A pronunciation respelling is a regular phonetic respelling of a word that has a standard spelling but whose pronunciation according to that spelling may be ambiguous, which is used to indicate the pronunciation of that word. Pronunciation respellings are sometimes seen in word dictionaries.
The term should not be confused with pronunciation spelling which is an ad hoc spelling of a word that has no standard spelling. Most of these are nonce words though some have achieved a certain amount of standardization, e.g., the informal use of the word gonna to represent an informal pronunciation of going to.
Pronunciation spellings may be used informally to indicate the pronunciation of foreign words or those whose spelling is irregular or insufficient for the reader to deduce the pronunciation. In such cases, typeface, punctuation or letter case may also be used, e.g., to indicate stress or syllabication of the word. For example:
This offers a sometimes intuitive alternative to systems like the International Phonetic Alphabet, which offers precise descriptions but must be learned. For example:
However, respelling relies on the writer's encoded mapping to the same phonemes as the reader's; e.g.
might be adequate for certain non-rhotic readers but not rhotic ones.
Unlike the IPA, respelling systems are often specific to the works in which they appear. The English-language Wikipedia, for example, has its own respelling system (available at Help:Pronunciation respelling key) which may or may not match that used on other Wikipedias or in other contexts.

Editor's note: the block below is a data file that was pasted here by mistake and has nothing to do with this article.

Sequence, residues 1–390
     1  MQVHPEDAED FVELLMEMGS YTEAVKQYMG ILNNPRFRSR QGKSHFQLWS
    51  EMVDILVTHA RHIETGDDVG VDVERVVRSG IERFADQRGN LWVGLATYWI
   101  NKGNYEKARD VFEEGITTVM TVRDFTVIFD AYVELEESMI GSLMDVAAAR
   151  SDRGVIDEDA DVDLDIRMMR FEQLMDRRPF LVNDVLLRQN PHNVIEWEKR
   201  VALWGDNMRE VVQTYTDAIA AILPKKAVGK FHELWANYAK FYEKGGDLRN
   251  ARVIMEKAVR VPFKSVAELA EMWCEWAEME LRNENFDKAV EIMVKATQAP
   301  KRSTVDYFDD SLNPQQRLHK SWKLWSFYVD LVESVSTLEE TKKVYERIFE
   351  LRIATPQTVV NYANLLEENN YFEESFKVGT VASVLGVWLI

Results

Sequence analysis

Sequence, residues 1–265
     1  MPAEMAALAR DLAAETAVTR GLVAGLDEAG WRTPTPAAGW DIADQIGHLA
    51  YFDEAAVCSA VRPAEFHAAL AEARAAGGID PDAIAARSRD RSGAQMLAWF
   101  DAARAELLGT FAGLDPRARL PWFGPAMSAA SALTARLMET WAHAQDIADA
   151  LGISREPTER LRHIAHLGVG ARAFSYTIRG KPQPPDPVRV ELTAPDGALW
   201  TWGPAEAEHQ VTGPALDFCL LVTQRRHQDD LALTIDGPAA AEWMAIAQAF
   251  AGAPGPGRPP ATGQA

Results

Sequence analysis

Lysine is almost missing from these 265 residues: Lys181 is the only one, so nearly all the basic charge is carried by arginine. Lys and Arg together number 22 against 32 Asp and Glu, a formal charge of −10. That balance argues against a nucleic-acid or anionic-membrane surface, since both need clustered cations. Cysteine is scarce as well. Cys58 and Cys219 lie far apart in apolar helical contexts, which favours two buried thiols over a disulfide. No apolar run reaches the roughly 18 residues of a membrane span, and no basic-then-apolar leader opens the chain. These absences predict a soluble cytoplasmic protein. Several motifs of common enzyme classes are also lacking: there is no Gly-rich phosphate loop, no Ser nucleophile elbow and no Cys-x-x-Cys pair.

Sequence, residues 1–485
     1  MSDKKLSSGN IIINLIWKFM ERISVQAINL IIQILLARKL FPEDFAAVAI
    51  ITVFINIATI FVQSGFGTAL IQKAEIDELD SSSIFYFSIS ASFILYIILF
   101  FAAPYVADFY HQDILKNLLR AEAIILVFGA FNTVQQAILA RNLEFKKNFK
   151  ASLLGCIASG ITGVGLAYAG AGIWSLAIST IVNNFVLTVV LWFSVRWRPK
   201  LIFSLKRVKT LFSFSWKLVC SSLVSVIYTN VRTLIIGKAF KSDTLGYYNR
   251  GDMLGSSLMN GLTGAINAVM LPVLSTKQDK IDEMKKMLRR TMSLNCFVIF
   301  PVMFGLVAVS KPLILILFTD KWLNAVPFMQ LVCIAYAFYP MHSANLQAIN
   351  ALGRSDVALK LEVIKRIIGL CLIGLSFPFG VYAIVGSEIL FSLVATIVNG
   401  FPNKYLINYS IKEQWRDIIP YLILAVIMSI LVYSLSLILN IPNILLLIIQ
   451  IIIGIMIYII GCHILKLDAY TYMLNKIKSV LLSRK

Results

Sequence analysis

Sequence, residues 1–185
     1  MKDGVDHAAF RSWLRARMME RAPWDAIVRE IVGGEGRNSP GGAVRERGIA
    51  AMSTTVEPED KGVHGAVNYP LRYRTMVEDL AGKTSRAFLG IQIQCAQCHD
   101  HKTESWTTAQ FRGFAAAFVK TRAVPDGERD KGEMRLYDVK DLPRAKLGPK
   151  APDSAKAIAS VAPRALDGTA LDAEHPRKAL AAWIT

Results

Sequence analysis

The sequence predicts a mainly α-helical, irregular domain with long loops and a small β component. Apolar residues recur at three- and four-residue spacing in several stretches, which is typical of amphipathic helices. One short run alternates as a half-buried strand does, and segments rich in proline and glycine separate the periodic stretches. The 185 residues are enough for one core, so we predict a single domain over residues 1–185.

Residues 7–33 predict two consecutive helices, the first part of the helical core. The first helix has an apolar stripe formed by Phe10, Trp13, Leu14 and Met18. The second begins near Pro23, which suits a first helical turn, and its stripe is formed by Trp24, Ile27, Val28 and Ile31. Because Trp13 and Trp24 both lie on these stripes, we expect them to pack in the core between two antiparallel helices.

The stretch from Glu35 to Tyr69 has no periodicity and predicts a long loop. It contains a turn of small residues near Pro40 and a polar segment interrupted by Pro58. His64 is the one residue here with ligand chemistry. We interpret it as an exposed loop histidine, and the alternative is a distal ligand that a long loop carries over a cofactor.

Pronunciation spellings are sometimes used in narratives to represent nonstandard dialects or idiolects to create an impression of backwardness or illiteracy in the speaker. This is called literary dialect, often called eye dialect, though the latter term used to be applied only if the resulting pronunciation is the same as the standard one. For example:
Pronunciation spellings as deliberate misspellings may be used for humorous effect. The origin of the word okay is disputed, but the most common view is that it derives from "Oll Korrect", an 1830s comical spelling of "All Correct".
Such spellings may also be used for branding, e.g., "Lite" foods, Froot Loops. See also sensational spelling.
- Bowdre, Paul H., Jr. (1971). "Eye dialect as a literary device". In J. V. Williamson & V. M. Burke (Eds.), A various language (pp. 178–179). New York: Holt, Rinehart & Winston.
- Fine, Elizabeth. (1983). "In defense of literary dialect: A response to Dennis R. Preston". The Journal of American Folklore, 96 (381), 323–330.
- Ives, Sumner. (1950). "A theory of literary dialect". Tulane Studies in English, 2, 137–182.
- Ives, Sumner. (1971). "A theory of literary dialect". In J. V. Williamson & V. M. Burke (eds.), A various language (pp. 145–177). New York: Holt, Rinehart & Winston.
- Krapp, George P. (1926). "The psychology of dialect writing". The Bookman, 6, 522–527.
- Preston, Dennis R. (1982). "Ritin' fowklower daun 'rong: Folklorists' failures in phonology". The Journal of American Folklore, 95 (377), 304–326.
- Preston, Dennis R. (1983). "Mowr bayud spellin': A reply to Fine". The Journal of American Folklore, 96 (381), 330–339.
- Preston, Dennis R. (1985). "The Li'l Abner syndrome: Written representations of speech". American Speech, 60 (4), 328–336.